This song is “Cara Mia Addio” – the so-called “Turret Opera” from the end of the video game Portal 2. It’s a beautiful song, and for the floppy drives’ first performance together I thought it would be fitting to have these machines play a song that was, at least canonically, played by machines.
This MIDI file is included as one of the sample songs in the Moppy repository. You can download it here.
In truth “8 drives” is a bit of a misnomer, because while 8 drives are hooked up as available instruments only 6 of the drives are actually playing for this song. Here are the mappings:
Drive #1: (Unused)
Drive #2: Solo
Drive #3: Soprano
Drive #4: Alto
Drive #5: (Unused)
Drive #6: Solo
Drive #7: Tenor
Drive #8: Bass
These are the 1:1 channel mappings from the MIDI file. The track naming is from the MIDI file as well, and you’ll see that the ‘Solo’ notes played by drives #2 and #6 are identical. Channels 9 – 16, on this file, contain no notes.
While it’s possible to pool drives in the Moppy software or to re-arrange the channels in the MIDI file itself, I quite liked the way this sounded as-is.
In the video, the drives are arranged in two rows of 4, with drive #1 on the top right. The numbering continues sequentially from right to left, top to bottom (i.e. drive #5 is directly underneath drive #1).
The drives are very quiet, so I recorded the video and audio separately and synced them in the editor. The video was filmed with my DSLR, while the audio was recorded with the onboard microphones of a Tascam DR-40.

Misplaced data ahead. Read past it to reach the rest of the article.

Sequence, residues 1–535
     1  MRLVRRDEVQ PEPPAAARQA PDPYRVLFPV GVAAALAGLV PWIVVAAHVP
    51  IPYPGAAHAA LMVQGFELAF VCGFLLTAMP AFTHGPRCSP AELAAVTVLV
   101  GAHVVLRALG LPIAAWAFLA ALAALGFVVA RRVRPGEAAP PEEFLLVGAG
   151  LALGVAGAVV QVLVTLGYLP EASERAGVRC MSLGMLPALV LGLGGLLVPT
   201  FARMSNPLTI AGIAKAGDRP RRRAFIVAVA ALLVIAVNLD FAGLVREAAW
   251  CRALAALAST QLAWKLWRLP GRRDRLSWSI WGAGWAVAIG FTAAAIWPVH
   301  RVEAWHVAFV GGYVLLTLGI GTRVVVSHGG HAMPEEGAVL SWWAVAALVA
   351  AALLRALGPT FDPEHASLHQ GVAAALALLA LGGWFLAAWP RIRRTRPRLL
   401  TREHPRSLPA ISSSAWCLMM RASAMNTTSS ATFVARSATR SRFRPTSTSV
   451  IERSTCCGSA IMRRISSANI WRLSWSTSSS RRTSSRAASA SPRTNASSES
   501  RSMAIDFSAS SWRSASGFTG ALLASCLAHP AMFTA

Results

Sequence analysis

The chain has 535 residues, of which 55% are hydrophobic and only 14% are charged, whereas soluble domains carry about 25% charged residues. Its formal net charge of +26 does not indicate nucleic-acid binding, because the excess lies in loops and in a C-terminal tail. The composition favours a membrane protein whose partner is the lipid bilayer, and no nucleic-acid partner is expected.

For the audio recording, I pushed drives #1 and #5 away and set the stereo microphones directly in the center of the remaining 6 drives about ~1″ away. Even with gain maxed out, I still had to boost the audio levels in post.
Since this is my first video with all 8 drives working (yay!), I wanted the recording to reflect that. The audio recording is as-is and has not been edited except for a levels boost. If I do end up recording my own music in the future, I’ll record each drive separately and mix them in editing for a cleaner master. But for what is essentially a proof of concept video, I’m content with the natural mix.
I didn’t take the drive covers off for this recording, so it’s not quite as visually interesting as the single-drive one. But it sounds more interesting for sure!
With everything working, the next steps would usually be to either find some MIDI files to play or to write your own. But I have a few more ideas on how to improve this that I want to tackle before going crazy with the music making. Stay tuned!